“One day we should…” – this little phrase seems to follow me around every where I go. Or maybe I’m the one following, collecting little bits of inspiration scattered along the trail of not enough time. In a sense, our entire upcoming trip is all about the ‘one day we shoulds’ and trying to ensure that the pages off our story are filled with what we’ve done and few regrets. And what better way to start off this chapter than with some much overdue family time? After spending a week in Cleveland with Shelby’s parents it was off to Connecticut to see my family, have some fun and cross a few of these ‘one day we should’ items off of our Connecticut list.

DSC_0101Trips back East since Shelby has come into my life have always taken place under the guise of a holiday or quick weekend trip. Each trip routinely includes me ranting about some sweet hiking spot or adventure that I wished we had time for. This trip would be different. For the first time together, we drove through the scenic back roads of southern Massachusetts, arriving in Connecticut with no real commitments. Ready to take advantage ample chill time and the hot, humid summer weather that’s never around over the holidays.

Pulling into my parent’s driveway, it struck me that this was the first time in nearly a decade that I had driven ‘home’. Almost ten years have passed since I left 52 Blue Ridge Drive as a shaggy haired, naive, twenty-two year old. I was headed west, ready to explore the United States and ready to find a new home. Now, having found that new home and the love of my life, it felt oddly fitting to return – just days away from setting off once again, from this same driveway, on a new adventure.

Aside from our unorthodox means of arrival, our stop at my parent’s house started just as every trip to my parent’s house starts – with food. Very little in life can compare to a hot pizza and a cold beer – especially after a solid nine hours in the car – and that’s exactly what my Mom had waiting for us. Food usually takes center stage when we visit our families and this trip already looked to be no exception (all you can eat crab legs with Shelby’s parents had set the bar pretty high).

Our love for Colorado runs deep but one draw back that comes with living in a land locked state is that fresh seafood, specifically shellfish, is hard to come by. We’ve done a good job at keeping an annual lobster boil on the list of traditions back in Denver but the lobsters we scrounge for at the Chinese market can’t compete with what you find in Connecticut.

Day two started off strong with my Mom’s suggestion that we find some lobsters for dinner. An idea so brilliant that it could only be met with a resounding ‘hell yea’ from everyone. Shelby, in particularly, had been looking forward to a good ol’ New England lobster ever since missing out on the last lobster feast I had with my parents a few years back. No way would we be leaving Connecticut this time without cracking a few claws.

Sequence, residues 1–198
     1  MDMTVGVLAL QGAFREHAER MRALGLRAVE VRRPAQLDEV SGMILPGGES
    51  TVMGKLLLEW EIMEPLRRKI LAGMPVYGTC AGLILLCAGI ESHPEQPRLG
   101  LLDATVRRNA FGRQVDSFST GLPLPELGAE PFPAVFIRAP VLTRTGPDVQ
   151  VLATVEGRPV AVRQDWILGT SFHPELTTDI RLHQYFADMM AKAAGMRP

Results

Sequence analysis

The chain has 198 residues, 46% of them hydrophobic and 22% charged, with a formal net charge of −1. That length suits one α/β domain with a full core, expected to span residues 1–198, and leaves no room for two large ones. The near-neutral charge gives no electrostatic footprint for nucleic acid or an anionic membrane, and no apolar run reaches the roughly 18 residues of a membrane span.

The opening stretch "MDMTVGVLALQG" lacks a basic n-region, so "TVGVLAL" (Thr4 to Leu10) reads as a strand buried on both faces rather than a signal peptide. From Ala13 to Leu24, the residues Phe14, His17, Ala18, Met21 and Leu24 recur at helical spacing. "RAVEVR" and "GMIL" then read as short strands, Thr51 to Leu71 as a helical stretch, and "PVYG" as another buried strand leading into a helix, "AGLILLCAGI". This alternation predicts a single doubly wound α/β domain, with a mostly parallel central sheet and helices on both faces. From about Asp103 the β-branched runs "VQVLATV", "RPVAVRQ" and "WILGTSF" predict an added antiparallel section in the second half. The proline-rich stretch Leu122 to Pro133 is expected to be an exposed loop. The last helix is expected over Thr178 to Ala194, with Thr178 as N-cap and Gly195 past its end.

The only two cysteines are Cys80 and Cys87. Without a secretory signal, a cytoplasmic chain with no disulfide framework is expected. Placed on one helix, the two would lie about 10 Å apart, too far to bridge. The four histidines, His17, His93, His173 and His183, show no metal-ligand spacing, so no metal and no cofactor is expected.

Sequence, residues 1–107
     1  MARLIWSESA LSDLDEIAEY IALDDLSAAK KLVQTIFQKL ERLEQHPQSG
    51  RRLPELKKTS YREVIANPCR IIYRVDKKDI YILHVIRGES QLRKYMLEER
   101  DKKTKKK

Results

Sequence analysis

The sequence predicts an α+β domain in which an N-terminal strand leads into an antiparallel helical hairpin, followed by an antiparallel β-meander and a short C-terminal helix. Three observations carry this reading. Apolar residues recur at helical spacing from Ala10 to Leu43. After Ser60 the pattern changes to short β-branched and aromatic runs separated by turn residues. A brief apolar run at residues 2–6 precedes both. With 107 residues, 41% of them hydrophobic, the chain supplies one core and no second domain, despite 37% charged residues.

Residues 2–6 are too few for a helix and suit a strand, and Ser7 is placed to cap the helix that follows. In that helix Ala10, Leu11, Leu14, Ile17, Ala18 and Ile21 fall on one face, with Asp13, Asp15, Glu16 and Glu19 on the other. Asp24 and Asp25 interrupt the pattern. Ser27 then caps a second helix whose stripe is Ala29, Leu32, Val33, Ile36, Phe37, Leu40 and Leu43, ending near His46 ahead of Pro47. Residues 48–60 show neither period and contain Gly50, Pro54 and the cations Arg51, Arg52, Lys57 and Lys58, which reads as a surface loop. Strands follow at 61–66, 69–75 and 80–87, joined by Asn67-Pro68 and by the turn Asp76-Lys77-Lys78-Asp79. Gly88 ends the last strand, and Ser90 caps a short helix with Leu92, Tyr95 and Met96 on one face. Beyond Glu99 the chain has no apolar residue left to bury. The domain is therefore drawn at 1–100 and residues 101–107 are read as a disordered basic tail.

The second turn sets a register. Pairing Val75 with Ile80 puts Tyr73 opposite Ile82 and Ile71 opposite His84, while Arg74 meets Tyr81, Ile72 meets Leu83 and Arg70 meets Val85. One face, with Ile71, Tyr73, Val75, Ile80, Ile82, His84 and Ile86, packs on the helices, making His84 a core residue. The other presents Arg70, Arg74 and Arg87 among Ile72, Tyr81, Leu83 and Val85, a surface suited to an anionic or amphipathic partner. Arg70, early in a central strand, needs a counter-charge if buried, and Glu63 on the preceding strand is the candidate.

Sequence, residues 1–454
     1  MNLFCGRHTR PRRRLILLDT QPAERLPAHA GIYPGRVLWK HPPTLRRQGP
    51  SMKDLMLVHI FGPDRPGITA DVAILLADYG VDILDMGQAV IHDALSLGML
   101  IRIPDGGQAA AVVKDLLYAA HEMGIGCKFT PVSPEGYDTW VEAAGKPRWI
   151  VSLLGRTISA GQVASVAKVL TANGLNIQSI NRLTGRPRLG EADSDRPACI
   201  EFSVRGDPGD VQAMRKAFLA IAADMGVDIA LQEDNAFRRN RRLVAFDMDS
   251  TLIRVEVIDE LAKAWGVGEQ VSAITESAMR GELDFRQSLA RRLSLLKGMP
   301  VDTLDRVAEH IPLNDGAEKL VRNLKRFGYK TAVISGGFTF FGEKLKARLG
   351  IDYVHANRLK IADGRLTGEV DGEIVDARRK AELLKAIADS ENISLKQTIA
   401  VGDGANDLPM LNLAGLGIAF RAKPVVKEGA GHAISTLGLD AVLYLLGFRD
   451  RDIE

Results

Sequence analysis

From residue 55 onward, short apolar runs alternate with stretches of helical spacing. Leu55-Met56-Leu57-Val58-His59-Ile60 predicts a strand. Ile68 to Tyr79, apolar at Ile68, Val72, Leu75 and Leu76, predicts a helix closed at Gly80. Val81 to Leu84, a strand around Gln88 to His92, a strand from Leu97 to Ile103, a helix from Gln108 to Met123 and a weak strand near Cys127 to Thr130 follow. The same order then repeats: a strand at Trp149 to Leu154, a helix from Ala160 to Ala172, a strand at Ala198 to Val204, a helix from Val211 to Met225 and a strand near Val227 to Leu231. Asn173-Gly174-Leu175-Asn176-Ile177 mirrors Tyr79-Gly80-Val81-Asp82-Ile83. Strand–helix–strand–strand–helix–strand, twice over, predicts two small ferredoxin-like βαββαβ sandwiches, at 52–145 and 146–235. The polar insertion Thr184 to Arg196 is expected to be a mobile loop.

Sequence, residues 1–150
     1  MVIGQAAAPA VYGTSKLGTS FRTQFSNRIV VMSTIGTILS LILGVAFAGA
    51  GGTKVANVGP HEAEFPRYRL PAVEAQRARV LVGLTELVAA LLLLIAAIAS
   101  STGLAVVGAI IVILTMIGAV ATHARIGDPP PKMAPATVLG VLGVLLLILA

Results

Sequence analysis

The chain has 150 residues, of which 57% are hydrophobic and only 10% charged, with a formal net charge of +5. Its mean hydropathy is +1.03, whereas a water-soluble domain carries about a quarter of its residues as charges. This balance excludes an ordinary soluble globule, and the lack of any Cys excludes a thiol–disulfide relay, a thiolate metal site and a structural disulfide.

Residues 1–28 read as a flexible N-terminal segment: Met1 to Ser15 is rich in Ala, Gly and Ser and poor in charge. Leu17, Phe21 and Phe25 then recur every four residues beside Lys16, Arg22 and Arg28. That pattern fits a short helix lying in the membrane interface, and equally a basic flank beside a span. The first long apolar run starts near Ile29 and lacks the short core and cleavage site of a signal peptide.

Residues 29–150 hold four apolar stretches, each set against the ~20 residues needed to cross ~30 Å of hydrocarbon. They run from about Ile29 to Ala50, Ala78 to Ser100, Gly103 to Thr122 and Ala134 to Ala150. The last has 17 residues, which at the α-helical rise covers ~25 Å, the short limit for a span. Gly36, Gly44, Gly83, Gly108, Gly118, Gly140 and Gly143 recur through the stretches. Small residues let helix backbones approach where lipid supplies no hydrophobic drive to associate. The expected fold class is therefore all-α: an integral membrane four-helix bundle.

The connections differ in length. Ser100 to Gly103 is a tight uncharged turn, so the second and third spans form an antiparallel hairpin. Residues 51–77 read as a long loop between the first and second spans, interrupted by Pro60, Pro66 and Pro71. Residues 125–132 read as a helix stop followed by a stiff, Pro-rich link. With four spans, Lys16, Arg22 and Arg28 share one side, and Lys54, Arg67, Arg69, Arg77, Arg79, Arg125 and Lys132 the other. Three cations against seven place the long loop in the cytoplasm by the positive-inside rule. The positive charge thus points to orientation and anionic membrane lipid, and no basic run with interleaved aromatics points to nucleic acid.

An added bonuses of being in a place with an abundance of lobster is that you can usually find a market that will let you pick up your lobsters, already steamed and ready to go. Much easier than dealing with the fifteen gallon pot of boiling water. So my Dad and I headed over to a local market to pick up dinner. That night we feasted on lobster and enough melted butter to float a small boat. I can feel my arteries thanking me already.

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Monsta lobsta

Every time we make it back East I always have the best intentions of seeing old friends but more often than not, this never happens. Our third day in Connecticut allowed us to cross off a ‘one day we should’ item that had been lingering for years.

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Old friends, good times

Hayes and Michelle are two of my best friends from college and as crazy as it seems to me – or anyone that knows them from college – they now have a real, live child. After a few years of saying we’d carve out the time to see them and meet their son, Evan, we finally did. We headed down to a Mexican restaurant on the Long Island Sound for a few beers. It was awesome to finally meet Evan and to spend some quality time catching up.

We high tailed it back to my parents house for a barbecue that my Mom was putting together. Marcie and Randy – some of my parents oldest friends who I consider to be like family – were also coming over to see us and get down on the steaks my Mom was grilling up.

Of all of the elder folk we have in our life, Randy has been particular supportive of our plans to go travel. He’s made it a point to hammer on the fact that life is short and the ‘path’ that most people blindly follow should be questioned more often. He’s told us a number of times that, in retrospect, he wished he had done what we’re doing. Words of encouragement are always welcome when you’re about to stray from the heard and head half way across the world. It was awesome to see them and the steaks were also top notch.

Talcott Mountain Trail Head
Talcott Mountain Trail Head

Connecticut at this time of year is usually pretty hot and steamy. This week was no exception with temperatures well into the nineties. Regardless, there was one hike around my childhood hometown that needed to be crushed. After telling Shelby about the Hublien Tower and the Talcott Mountain trail for years, it was finally time to take her there.

As a kid, Talcott Mountain was the closest thing I knew to a mountain and one of the first hikes I remember doing. The mountain itself – which is more of a large hill relative to what we have back in Colorado – overlooks most of my home town and is one of the first things you see heading east out of my parents driveway.